CPG Has Shifted From Want to Need, Says General Mills’ Brad Hiranaga

The company also plans to make ecommerce a top priority

General Mills is scheduled to release its fourth-quarter earnings results on July 1. General Mills, CPG
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Key insights:

Although the pandemic has brought great hardship to some sectors of the economy, such as hotels and restaurants, it has helped expand and accelerate others, like streaming services and food delivery.

The CPG industry falls squarely in the latter camp. In recent months, companies from Campbell’s to Smucker’s to Hormel Foods have reported an increase in sales following the rush to grocery stores to stock up on supplies.

For Brad Hiranaga, General Mills’ chief brand officer of North America, the moment has brought both opportunity and responsibility.

“As a company, we’ve [had] a purpose for a long time. It’s been about serving the world to make food that people love,” said Hiranaga during today’s virtual NewFronts while in conversation with Michael Kassan, founder, chairman and CEO of MediaLink. “Through the crisis, we had a rallying call that changed it slightly, that said we actually are serving the world by making food that people need.”

After taking a closer look at how consumers were changing their behaviors and altering their attitudes following the Covid-19 outbreak, Hiranaga said people became focused on the basics. Concerns over having access to and having enough money to pay for safe food, for example, rose to the top.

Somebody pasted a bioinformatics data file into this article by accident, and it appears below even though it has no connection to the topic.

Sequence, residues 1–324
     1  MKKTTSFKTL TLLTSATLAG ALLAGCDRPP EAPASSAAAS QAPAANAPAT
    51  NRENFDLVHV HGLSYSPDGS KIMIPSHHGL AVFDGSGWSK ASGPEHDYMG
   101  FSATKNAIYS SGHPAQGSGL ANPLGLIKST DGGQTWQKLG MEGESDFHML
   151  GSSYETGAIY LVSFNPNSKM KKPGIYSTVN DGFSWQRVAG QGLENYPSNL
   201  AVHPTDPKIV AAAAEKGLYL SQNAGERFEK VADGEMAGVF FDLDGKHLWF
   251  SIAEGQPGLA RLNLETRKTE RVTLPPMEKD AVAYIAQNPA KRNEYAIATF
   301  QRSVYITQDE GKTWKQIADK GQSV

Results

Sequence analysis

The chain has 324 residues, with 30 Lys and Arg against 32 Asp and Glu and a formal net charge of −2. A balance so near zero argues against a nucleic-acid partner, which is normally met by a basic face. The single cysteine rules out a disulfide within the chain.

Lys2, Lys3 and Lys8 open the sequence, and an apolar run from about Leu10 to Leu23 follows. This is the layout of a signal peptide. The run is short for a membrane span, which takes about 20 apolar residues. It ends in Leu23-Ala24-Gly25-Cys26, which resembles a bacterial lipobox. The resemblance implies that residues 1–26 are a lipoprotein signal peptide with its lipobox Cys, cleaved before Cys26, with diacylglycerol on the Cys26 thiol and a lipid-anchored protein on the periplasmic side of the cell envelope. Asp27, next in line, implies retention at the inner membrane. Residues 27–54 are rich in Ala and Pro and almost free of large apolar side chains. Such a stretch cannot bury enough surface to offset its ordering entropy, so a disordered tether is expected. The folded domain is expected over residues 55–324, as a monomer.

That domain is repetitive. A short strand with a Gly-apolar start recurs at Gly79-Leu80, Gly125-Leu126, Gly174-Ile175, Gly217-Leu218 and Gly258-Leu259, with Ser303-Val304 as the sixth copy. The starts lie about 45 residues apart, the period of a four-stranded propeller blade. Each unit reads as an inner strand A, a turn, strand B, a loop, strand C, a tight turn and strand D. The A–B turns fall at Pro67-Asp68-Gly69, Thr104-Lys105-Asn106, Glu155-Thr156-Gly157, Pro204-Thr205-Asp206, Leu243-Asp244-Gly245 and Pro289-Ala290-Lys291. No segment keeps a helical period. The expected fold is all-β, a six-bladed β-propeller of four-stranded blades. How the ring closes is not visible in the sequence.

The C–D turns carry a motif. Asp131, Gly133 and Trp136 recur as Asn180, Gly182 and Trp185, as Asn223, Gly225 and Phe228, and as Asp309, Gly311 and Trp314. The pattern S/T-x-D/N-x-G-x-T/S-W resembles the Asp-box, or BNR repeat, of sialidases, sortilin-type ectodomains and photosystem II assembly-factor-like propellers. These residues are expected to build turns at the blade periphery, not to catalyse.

General Mills has attempted to address these issues by increasing its usefulness and adding value to people’s lives. With more people preparing meals at home, for instance, some brands are currently offering recipes.

“We’ve got brands like Betty Crocker that had taught people how to cook back in the 1950s and ’60s and ’70s, but now we actually have this new opportunity to teach the Gen Z population how to cook and how to bake—something that they weren’t necessarily equipped to do,” Hiranaga said.


It’s a marketing strategy other CPG companies have also employed.

McCormick & Co., for instance, has rolled out step-by-step cooking shows on Facebook and Instagram that feature employees. Danone partnered with celebrity chef Tom Colicchio to produce a series of cooking videos in which Colicchio shares tips to reduce food waste by including items found in the pantry.

In terms of ecommerce adoption, Hiranaga said all the barriers that once prevented people from shopping online before the outbreak have essentially disappeared, making ecommerce not just another channel, but a top priority.

“The huge opportunity right now is when people experience that for the first time, they realize how much easier it is to have things delivered right to their house or to go to the grocery store and pick them up without having to take their kids into the store,” Hiranaga said. “It’s been interesting for us as a food company, because I think we’ve lagged behind a lot of the other industries in ecommerce.”

General Mills is now dedicating a “ton more of our efforts to accelerate ecommerce,” he said.

Likewise, as more consumers have gone online to buy groceries, The J.M. Smucker Company has shifted more marketing dollars toward ecommerce and click-and-collect channels. Earlier this month, the company reported that its pure-play ecommerce sales grew by 66% in the quarter ending April 30.

General Mills is scheduled to release its fourth-quarter earnings results on July 1.

@hiebertpaul paul.hiebert@adweek.com Paul Hiebert is a CPG reporter at Adweek, where he focuses on data-driven stories that help illustrate changes in consumer behavior and sentiment.